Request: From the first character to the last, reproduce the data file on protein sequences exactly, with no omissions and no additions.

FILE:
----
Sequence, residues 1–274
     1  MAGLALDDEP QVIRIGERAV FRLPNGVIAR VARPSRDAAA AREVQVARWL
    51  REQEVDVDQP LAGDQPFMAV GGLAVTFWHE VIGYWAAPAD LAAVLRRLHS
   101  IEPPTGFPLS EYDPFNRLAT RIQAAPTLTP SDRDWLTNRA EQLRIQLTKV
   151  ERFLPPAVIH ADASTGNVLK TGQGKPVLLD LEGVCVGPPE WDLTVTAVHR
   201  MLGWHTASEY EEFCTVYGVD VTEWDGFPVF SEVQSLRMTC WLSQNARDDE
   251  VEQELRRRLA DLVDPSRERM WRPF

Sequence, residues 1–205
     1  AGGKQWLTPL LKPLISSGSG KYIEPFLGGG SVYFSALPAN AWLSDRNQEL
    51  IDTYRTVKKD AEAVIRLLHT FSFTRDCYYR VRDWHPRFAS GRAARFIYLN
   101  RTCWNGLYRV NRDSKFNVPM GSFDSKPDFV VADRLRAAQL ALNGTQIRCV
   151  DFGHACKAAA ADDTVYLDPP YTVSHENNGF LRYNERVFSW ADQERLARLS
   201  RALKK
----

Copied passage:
Sequence, residues 1–274
     1  MAGLALDDEP QVIRIGERAV FRLPNGVIAR VARPSRDAAA AREVQVARWL
    51  REQEVDVDQP LAGDQPFMAV GGLAVTFWHE VIGYWAAPAD LAAVLRRLHS
   101  IEPPTGFPLS EYDPFNRLAT RIQAAPTLTP SDRDWLTNRA EQLRIQLTKV
   151  ERFLPPAVIH ADASTGNVLK TGQGKPVLLD LEGVCVGPPE WDLTVTAVHR
   201  MLGWHTASEY EEFCTVYGVD VTEWDGFPVF SEVQSLRMTC WLSQNARDDE
   251  VEQELRRRLA DLVDPSRERM WRPF

Sequence, residues 1–205
     1  AGGKQWLTPL LKPLISSGSG KYIEPFLGGG SVYFSALPAN AWLSDRNQEL
    51  IDTYRTVKKD AEAVIRLLHT FSFTRDCYYR VRDWHPRFAS GRAARFIYLN
   101  RTCWNGLYRV NRDSKFNVPM GSFDSKPDFV VADRLRAAQL ALNGTQIRCV
   151  DFGHACKAAA ADDTVYLDPP YTVSHENNGF LRYNERVFSW ADQERLARLS
   201  RALKK